Secondly, please don't associate the 'crimes' of the British Empire with the Monarchy. The fact is, the Monarchy's power has been pretty much gone ever since the English civil war - when the idea of colonialism, let alone colonial empires, was still in its early days. I have more to say on this issue, but the fact is it's not relevant to this debate, for the reasons I've just presented.

The point about them being 'Germans': again, this has already been sorted really. Yes, they're of German descent. So what? Forgive me if I'm wrong, but isn't one of your other arguments against the Monarchy that they're supposedly symbols of prejudice? That aside, the fact is, the Monarchy hasn't been truly British for a long time now if you follow the logic that their descent makes the current Royal Family German. Even before the House of Sach- ok, I can't spell it, but you know what I'm talking about. Anyway, even before them, the Royal Family was the Hanoverians, who were brought in as a result of succession issues from the Stuarts, who were in fact Scottish.

Before them, we had the Tudors, who were Welsh. Then before that, we had the Plantagenants, who spent half their time fighting in France, but only because before them we had the Normans, who were, that's right, French. Before the Normans we were ruled by the Saxons, who are often called the last of the English Kings, except they didn't really rule all of England - originally they were divided into separate kingdoms, and even after Alfred's time, they spent all their time fighting with the Danes, who were Scandinavian. And in fact the Saxons were German anyway. Oh look, we're back where we're started. So, in fact, we haven't really had... well, any English kings, if we go by your logic.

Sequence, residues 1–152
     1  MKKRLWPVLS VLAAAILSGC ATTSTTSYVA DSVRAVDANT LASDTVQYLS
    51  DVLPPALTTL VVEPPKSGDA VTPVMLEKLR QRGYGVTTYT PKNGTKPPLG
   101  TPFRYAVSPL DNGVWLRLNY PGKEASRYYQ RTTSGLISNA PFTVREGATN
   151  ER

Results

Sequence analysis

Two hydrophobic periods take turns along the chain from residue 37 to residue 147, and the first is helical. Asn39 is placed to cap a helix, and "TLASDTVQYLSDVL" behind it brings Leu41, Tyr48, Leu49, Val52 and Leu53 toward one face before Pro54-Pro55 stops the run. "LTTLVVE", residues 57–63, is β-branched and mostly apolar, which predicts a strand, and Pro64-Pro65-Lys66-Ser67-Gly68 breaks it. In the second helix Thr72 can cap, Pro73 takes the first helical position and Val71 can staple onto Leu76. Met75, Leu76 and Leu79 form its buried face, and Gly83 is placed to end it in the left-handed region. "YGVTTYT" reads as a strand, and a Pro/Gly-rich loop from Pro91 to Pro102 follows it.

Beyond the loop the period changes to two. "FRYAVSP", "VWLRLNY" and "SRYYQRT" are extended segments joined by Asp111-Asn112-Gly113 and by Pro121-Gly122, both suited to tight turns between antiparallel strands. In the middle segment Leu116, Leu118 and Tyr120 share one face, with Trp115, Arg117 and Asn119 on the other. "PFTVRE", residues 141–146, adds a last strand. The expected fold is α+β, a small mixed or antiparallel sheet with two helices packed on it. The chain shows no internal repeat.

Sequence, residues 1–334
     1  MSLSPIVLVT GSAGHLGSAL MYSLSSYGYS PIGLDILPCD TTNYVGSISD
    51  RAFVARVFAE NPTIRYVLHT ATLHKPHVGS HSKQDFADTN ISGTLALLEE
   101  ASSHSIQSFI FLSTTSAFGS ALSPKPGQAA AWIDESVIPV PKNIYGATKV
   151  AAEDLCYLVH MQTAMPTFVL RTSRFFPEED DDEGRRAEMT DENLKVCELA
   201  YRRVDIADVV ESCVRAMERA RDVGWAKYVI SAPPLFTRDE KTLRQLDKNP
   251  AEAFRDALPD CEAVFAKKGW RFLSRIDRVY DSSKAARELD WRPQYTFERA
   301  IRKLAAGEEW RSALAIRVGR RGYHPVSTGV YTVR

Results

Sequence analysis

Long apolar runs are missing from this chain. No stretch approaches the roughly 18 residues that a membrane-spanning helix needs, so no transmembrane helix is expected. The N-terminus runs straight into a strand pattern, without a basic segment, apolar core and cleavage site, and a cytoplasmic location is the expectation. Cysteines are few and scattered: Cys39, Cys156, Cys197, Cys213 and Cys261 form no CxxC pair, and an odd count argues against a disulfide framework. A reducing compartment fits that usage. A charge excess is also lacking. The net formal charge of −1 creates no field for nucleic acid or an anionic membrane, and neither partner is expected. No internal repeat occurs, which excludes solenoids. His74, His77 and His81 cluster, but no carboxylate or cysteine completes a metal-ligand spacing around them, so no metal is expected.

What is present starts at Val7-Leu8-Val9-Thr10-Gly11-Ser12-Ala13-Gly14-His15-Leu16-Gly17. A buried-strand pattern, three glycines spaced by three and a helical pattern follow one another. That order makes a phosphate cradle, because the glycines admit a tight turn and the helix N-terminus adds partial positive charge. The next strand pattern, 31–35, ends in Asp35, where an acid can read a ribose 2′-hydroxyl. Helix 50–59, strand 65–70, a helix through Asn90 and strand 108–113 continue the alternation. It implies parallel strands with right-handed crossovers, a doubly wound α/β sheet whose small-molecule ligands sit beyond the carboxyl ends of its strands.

But then you can't really say any better about your government; whether it's British, French or someone else, the fact is the original Canadians are very much an ethnic minority now, and certainly not in positions of power in your government. So kindly don't hold our Monarchy's mixed heritage against us or them, please and thank you.

Final point: what the Monarchy symbolises. Far from a symbol of our less than democratic past, I believe that the Monarchy symbolises a sense of national unity. The Roman Empire, possibly the most successful Empire in the history of man, was successful because of a lot of things, not least their highly efficient military, but one of the main factors was the sense of 'Roman-ism' which came with them - a concept represented by their Emperor. A single, hereditary Head of State - even a figurehead with no actual power - gives a nation a much stronger sense of national unity. Or at least that's what I think.

Anyway, must go now. Will be happy to debate this issue further.
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Unread postby Duncan » Fri Jan 18, 2008 12:46 pm

While I'm cheering you on on lots of fronts, Darius, there is a rather backward-looking symbolism to a lot of the institutions of monarchy. Only republican ideologues trying to make political capital are interested because in this case these institutions are symbolic rather than practical.
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Unread postby Darius » Fri Jan 18, 2008 7:51 pm

I realise that, but what I meant was the Monarchy's not a bad symbol, if you see what I mean.